3. Sequoia and Kings Canyon National Park

Sequoia and Kings Canyon National Park lie side by side in the southern part of the Sierra Nevada Mountains in California. They both offer different highlights, for example, Mount Whitney, one of the highest peaks in the US, is in Sequoia National Park, while Kings River Canyon – which rivals the Grand Canyon in size – is in Kings Canyon National Park.

Whether you visit one park or the other, you will definitely need a few days to enjoy the mountains, rugged foothills, deep gorges, huge caves and towering sequoia trees. There is only one road through the parks, so it’s important to get out of your car and start hiking; try the Redwood Canyon Trail or the Big Trees trail, for example.

4. Capitol Reef National Park

Located in the heart of Red Rock Country in Southern Utah, Capitol Reef National Park is a hidden treasure of cliffs, canyons and geological wonders. The park gets its name from the white domes of Navajo sandstone which resemble the capitol buildings. In the north of the park, you will find Cathedral Valley, a bizarre desert landscape with sandstone spires reminiscent of great Gothic churches. In the south of the park is Waterpocket Fold, a 160-kilometre long fissure in the earth’s crust whose edges look like giant waves rolling toward the shore.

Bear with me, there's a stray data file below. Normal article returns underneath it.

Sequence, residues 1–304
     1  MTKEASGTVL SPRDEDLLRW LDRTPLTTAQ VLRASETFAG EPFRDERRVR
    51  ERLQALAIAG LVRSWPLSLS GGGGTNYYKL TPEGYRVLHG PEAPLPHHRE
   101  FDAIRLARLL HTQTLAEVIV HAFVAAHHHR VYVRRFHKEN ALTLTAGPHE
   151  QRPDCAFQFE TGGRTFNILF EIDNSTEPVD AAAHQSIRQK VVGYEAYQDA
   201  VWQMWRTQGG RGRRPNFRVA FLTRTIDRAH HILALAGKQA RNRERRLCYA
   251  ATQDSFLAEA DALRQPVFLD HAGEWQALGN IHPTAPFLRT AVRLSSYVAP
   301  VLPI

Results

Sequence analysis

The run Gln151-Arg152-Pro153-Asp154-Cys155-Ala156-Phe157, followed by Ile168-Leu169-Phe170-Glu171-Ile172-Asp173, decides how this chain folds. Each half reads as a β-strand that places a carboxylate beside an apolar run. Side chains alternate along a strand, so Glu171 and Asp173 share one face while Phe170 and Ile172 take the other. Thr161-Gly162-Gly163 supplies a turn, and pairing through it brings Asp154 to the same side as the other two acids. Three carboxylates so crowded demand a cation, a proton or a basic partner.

Much of the park can be reached via Highway 24, which runs along the Fremont River, as well as many great viewpoints and short hiking trails. Panorama Point, Sunset Point and Goosenecks Overlook will amaze you, and the hiking trails of Hickman Bridge and Rim Overlook Trail are highly recommended.


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5. Bryce Canyon National Park

Bryce Canyon National Park is located in Southern Utah. In the course of time, wind and rain have hollowed out the rock floor here, leaving only extremely remarkable spire-shaped rock pillars, called hoodoos. Dark green conifers grow between these crimson coloured rock formations, which contrast beautifully with the landscape.